California Cannabis: Too Much of a Good Thing Brings Industry to the Edge

Unlike so many other industries suffering from COVID-19 due to product scarcity from interruption of supply lines, the California cannabis industry finds itself with the opposite problem as flower grows exceed consumption. 

When California voters legalized marijuana for recreational purposes about five years ago through a ballot measure called Proposition 64, advocates said illegal operations would cease or be pushed to the fringes.  Prop 64 made marijuana legal for anyone over the age of 21, expanding it’s earth-shattering decision in 1996 to create the country’s first legal sales, at least under State law.  When California voters approved Prop 64 – the Control, Regulate, and Tax Adult Use of Marijuana Act – many in the industry expected a green rush, with farmers and sellers providing cannabis to perhaps the world’s largest legal marijuana market.

The problem is that the legal cannabis market in California is still one-quarter what the illicit cannabis market is, with an underground market being both cheaper and better.   California’s black market has eclipsed it’s legal one. For local consumers, access to cheaper, illegal cannabis continues alongside the legal, arguably over-taxed public product.

California’s legal cultivators grow more than three times as much cannabis as is sold in legal dispensaries.  It’s so much cannabis that the market is flooded, prices are crashing, and legal growers may be forced to look for other avenues to unload the product.  Cannabis farmers in California are drowning in a flooded market.  As the price of cannabis continues to fall, small farmers especially are struggling to stay afloat.  Simple economics says that when your supply outpaces your demand, the prices go down.  Can California salvage their cannabis industry by regulating supply to make it more consistent with the legal demand? 

The majority of cannabis sold in California is sold illegally in large part due to high taxes.  California collected about $817 million in adult-use marijuana tax revenue during the 2020-2021 fiscal year, state officials estimated.  On top of a cultivation tax and a normal sales tax, every legal marijuana sale is slapped with a 15% state excise tax, plus whatever local taxes are levied.  The effective total tax on legal weed can be as high as 40%.  The industry can’t be profitable and consumers won’t buy it thanks to this poor business model.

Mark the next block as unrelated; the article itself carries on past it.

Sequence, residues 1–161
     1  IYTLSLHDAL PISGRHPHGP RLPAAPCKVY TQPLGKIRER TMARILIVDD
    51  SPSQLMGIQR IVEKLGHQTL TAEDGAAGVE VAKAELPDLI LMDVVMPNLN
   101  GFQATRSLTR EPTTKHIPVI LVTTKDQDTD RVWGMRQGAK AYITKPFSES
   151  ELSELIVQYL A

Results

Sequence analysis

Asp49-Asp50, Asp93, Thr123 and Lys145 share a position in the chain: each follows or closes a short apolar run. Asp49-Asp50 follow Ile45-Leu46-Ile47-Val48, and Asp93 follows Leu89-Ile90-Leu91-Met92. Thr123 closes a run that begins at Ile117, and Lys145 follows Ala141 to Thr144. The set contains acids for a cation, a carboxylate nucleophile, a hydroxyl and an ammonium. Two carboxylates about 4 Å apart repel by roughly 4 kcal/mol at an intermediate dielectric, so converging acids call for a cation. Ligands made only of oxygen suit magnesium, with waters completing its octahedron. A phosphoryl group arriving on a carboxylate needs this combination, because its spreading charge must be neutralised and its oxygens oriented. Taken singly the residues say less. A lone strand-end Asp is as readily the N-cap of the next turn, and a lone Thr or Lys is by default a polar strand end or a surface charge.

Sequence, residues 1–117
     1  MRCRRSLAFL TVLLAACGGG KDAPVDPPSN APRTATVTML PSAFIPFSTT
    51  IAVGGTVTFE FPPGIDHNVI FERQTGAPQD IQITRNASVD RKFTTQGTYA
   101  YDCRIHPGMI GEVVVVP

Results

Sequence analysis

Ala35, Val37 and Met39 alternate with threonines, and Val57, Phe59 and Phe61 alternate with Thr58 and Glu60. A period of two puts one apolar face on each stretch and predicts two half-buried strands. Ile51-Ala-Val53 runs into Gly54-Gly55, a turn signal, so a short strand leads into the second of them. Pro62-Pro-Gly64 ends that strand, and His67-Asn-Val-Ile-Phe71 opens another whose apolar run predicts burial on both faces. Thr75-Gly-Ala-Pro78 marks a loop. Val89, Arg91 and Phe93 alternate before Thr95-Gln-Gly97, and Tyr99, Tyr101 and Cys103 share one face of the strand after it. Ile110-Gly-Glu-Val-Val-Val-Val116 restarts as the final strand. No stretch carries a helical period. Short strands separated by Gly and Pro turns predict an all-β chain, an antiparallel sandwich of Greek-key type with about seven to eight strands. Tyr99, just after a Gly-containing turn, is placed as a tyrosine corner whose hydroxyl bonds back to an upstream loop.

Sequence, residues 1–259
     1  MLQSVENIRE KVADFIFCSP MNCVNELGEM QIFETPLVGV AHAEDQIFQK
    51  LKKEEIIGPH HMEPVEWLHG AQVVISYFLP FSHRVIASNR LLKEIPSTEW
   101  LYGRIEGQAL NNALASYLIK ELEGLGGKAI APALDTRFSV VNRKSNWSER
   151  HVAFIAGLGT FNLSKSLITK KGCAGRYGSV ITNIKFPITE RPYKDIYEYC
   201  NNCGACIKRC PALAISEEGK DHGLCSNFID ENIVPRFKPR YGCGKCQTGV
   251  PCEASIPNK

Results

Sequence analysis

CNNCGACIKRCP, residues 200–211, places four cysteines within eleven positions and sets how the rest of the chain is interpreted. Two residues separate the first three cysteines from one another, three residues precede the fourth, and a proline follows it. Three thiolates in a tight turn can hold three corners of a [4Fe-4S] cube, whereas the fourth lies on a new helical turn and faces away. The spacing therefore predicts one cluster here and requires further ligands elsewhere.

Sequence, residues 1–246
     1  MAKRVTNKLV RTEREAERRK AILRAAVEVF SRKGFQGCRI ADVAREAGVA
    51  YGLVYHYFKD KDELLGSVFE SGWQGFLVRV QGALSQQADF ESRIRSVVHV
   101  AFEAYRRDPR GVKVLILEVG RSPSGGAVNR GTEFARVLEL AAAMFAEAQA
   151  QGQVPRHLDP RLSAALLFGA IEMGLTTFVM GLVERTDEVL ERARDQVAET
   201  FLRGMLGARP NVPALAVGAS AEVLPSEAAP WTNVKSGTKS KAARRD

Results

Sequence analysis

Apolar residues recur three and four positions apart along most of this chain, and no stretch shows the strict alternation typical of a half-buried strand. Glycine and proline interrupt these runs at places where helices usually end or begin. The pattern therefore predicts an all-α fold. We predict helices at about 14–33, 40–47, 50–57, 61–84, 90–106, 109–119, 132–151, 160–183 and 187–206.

Cannabis is on fire, and not in a good way.  As drought and climate change batter the West, outdoor growers are experiencing wildfires that not only destroy crops, but they also contaminate plants if they are soaked in fire retardant or tainted by excessive smoke.  Fires can impact the plant and growers themselves are at a safety risk.  

Wildfires, excess supply, high taxes, a soaring black market, these issues are all set against the backdrop of California voters deciding on whether to recall Democratic Gov. Gavin Newsom.  The September 14, 2021 California Gubernatorial Recall Election ballot will ask voters if they wish to remove the governor from office. If a majority of voters decide “yes” on the question, the replacement candidate with the most votes will be declared elected for the remainder of Governor Newsom’s term of office (ending January 2, 2023).  If one-half or more of the votes on the recall question are “no,” Governor Newsom shall remain in office.

Non-profit advocacy organization NORML, which lobbies for the reform of marijuana laws in the U.S. regarding both medical and non-medical use, proclaimed:  “The sponsors of this year’s recall election are no friends of marijuana or criminal justice reform.  Whatever else might be said about Gavin Newsom, no governor has been so supportive of legal marijuana.”  

Regulators must grapple with finding new ways to tackle California’s illicit marijuana market and other issues – taxation, licensing and approval processes, and climate change, to name a few – that have plagued the industry.  

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